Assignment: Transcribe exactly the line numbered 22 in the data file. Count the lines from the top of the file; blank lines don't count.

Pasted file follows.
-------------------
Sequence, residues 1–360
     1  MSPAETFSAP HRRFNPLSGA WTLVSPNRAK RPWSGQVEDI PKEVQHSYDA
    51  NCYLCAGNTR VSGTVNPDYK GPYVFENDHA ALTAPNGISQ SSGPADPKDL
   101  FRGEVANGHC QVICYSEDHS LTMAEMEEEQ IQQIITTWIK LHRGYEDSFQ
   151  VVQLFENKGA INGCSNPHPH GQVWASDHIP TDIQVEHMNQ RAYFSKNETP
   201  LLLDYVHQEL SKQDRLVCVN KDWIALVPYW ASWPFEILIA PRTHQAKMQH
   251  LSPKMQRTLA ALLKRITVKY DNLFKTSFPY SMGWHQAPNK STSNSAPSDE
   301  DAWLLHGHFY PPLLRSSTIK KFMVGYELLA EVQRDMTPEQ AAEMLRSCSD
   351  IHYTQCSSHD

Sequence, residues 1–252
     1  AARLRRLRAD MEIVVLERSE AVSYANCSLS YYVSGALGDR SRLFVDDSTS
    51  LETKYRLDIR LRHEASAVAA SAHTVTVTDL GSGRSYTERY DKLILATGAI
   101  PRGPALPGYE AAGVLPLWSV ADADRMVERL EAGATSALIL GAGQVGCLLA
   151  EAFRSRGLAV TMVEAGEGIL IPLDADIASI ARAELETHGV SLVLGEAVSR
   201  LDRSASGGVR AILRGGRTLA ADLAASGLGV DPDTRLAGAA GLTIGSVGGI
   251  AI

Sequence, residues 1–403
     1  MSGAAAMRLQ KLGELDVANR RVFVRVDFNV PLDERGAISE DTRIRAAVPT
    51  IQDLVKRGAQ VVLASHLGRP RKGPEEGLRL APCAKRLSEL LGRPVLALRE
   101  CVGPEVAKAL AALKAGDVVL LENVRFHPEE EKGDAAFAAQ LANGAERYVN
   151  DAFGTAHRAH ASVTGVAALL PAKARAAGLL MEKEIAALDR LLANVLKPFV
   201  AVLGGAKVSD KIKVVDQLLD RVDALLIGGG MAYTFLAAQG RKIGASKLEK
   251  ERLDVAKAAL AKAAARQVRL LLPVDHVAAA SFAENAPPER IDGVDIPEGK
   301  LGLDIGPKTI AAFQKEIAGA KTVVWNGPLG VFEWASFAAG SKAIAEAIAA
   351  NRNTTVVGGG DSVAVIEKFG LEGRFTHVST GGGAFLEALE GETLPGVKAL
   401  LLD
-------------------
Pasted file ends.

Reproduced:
   201  AVLGGAKVSD KIKVVDQLLD RVDALLIGGG MAYTFLAAQG RKIGASKLEK